The Indian Medicine and Homoeopathy Pharmacy Central Council Bill, 2015, to bring about uniformity and standardisation in education and practice of pharmacy of Indian Medicine and Homoeopathy, is under the active consideration of the central government.
Allaying apprehensions that the bill has become redundant in the wake of the proposed National Commission for Higher Education and Research (NCHER), Union minister of state for Ayush Shripad Yesso Naik, in reply to a question in Lok Sabha recently, said that The Indian Medicine and Homoeopathy Pharmacy Central Council Bill, 2015 is under consideration of the government.
The bill will create a regulatory body called the Central Pharmacy Council of Indian Medicine and Homoeopathy for maintenance of central register of pharmacists of Indian Systems of Medicine and Homoeopathy and for matters connected therewith and to bring about uniformity and standardisation in education and practice of pharmacy of Indian Medicine and Homoeopathy.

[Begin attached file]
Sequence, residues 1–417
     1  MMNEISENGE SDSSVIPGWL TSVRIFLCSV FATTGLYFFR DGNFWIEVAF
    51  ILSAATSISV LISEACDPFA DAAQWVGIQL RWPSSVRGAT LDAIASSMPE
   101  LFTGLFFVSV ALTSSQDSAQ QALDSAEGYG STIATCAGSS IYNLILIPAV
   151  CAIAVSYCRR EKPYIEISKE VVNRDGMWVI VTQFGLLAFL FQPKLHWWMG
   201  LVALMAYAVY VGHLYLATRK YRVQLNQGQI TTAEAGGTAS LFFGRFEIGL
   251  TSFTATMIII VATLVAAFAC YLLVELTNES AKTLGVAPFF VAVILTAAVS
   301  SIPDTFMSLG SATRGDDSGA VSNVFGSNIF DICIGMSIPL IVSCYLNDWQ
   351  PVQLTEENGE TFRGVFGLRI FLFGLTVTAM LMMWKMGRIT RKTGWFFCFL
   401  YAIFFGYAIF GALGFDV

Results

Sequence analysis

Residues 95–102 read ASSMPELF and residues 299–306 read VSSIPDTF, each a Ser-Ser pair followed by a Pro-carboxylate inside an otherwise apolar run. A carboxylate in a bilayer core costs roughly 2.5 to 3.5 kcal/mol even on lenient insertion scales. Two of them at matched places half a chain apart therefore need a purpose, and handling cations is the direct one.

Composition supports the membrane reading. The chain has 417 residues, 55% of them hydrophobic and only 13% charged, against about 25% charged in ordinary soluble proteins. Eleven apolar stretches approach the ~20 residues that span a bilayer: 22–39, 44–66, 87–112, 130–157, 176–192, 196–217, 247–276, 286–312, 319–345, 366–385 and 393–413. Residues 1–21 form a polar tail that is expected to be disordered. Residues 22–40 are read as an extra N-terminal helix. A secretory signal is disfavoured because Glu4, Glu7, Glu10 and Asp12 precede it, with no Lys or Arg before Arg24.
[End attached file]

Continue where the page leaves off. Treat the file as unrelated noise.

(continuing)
There is no regulatory provision under the Drugs and Cosmetics Act, 1940 and the Rules thereunder for issue of license for the sale of ayurvedic medicines.
The history of The Indian Medicine and Homoeopathy Pharmacy Council Bill, dates back to 2005 when it was introduced in Parliament. The bill was aimed to regulate education and practice of pharmacists in Ayurveda, Unani, Siddha and Homoeopathy (Ayush), as there was no standardisation and uniform education system of curriculum available for training pharmacists in the sector. The Standing Committee attached to the health ministry examined and submitted the report in July 2006, but it has been pending ever since.
Finally the bill was revised by the Ayush department, as per the recommendations of the Standing Committee, and was sent to the ministry of law and justice for vetting. The bill was cleared by the law ministry and was ready for submission to the cabinet for final clearance, but there was an argument that the proposal of NCHER will make it totally irrelevant.